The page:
The Weeping Golden Willow is a large deciduous tree that will grow very rapidly to easily be over 75 feet tall and 50 feet wide, or even larger. Since it will add at least 2 feet a year, and often more, to its size, within a decade it will be pushing up towards 30 feet tall and wide. It has a thick trunk, often divided into several major limbs, and the bark is deeply fissured and gray-brown, giving a rugged look to this beautiful tree. The smaller branches hang vertically from the main limbs, in a curtain that can reach the ground, even from a mature tree. The young stems are golden-yellow, which looks beautiful in winter and early spring. It is this feature that give the tree its name ‘golden willow’. As the stems age over a few years they become olive-green, but new growth maintains the golden look.
The leaves are slightly curving elongated ovals, up to 4 inches long, and about ½ inch wide. Young leaves in spring – which develop very early in the season compared to most other trees – are pale green, and a newly-sprouted tree simply glows with beauty in that first haze of young leaves on the golden stems. As the leaves mature they turn dark green, and then, in fall, they turn clear yellow, making a striking fall specimen.
The flowers are soft catkins that stand upright, opening among the new leaves and adding to the haze effect. It takes closer examination of your tree to see them, and this tree is unique among willows in having both male and female parts on each catkin, while other willows have separate male and female catkins.
Using the Weeping Golden Willow in Your Garden
This tree is a large specimen for a larger garden, and sadly it is unsuitable for small gardens – unless you grow it for a time in a large planter, where it will look great as a small tree, and well-worth growing for several years of beauty. In the ground this fast-growing tree is perfect on a large lawn, or on a slope. It looks excellent beside water, where it is completely at home. Do not plant within 100 feet of buildings, water pipes. sewage pipes or septic systems.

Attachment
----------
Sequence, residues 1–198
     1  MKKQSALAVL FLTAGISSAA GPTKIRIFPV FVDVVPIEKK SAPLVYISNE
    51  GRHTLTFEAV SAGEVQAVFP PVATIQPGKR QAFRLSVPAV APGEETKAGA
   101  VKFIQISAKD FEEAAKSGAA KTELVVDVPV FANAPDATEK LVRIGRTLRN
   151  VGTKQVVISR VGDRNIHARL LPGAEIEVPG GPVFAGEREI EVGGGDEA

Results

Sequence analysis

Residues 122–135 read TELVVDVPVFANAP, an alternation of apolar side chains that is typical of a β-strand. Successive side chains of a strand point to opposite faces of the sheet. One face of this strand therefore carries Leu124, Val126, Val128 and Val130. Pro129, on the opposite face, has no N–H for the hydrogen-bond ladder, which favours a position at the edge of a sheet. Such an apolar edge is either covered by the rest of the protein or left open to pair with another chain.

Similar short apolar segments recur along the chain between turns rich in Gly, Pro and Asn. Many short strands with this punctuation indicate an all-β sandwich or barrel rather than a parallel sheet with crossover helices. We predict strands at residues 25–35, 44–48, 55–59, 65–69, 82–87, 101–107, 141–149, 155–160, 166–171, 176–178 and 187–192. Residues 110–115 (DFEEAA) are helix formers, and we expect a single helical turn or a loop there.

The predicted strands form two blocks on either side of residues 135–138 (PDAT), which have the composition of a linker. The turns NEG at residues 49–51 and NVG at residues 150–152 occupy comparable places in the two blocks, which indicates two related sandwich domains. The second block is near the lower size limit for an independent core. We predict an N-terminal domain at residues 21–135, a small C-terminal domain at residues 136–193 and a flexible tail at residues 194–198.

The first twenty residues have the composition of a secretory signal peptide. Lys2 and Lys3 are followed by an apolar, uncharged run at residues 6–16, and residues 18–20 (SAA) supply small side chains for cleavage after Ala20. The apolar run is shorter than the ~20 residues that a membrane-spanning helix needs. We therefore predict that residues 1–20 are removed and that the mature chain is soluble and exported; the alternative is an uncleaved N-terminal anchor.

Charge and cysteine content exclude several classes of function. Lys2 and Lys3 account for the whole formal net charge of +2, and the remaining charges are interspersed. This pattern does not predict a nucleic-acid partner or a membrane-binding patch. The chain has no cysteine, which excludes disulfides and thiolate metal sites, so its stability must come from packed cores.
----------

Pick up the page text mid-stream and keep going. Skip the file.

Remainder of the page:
The Weeping Golden Willow is incredibly hardy, growing well even in zone 2, and throughout the country right into zone 8 – truly a tree for anywhere.
Sun Exposure and Soil Conditions
Full sun is best for your Weeping Golden Willow. It will tolerate a few hours of shade each day, although growth will be a little slower. It grows well in any moist soil, and even in flooded ground, so it is easy to grow beside a stream, lake or river. It grows in clay soils, and both alkaline and acid conditions, but not in dry, sandy soils.
Maintenance and Pruning
No significant maintenance is needed for the Weeping Golden Willow, but some formative pruning, to develop a few major limbs, is helpful. If you are growing this tree in ordinary garden conditions, use mulch, especially when young, and water frequently. It can suffer from several pests or diseases, but these are not usually major problems. Some storm damage may occur – another reason not to plant close to buildings or anywhere it could become a hazard.
History and Origin of the Weeping Golden Willow
The original weeping willow was the Peking willow, Salix babylonica, which occurred first in northern China. A distinctive form with hanging branches, called ‘Pendula’, was traded along the Silk Road, and for centuries it was planted in many areas through central and western Asia. That tree was found to be difficult to grow well in Europe because it is not sufficiently cold resistant. A related species, the white willow, Salix alba, grows throughout Europe. That tree has a form with yellow branches, called ‘Vitellina’, and this is the original golden willow. In the late 19th century, at the Späth Nursery in Berlin, Germany, a cross was made between these two species, which had the yellow twigs and cold resistance of the golden willow, and the weeping habit of the Peking willow. It was first released by the nursery in 1888, and this is the plant we know today as the Weeping Golden Willow. The basic cross between Peking willow and white willow is today called Salix x sepulcralis (the cross has been made several times), and this particular tree is called variety chrysocoma. It is also sometimes listed as Salix alba ‘Tristis’.
Buying the Weeping Golden Willow at The Tree Center
Planted in the right place the Weeping Golden Willow is so beautiful it will have you weeping too. A tree this close to the heart of so many people is always in high demand, so stock is always scarce. Order now while we still have plants available.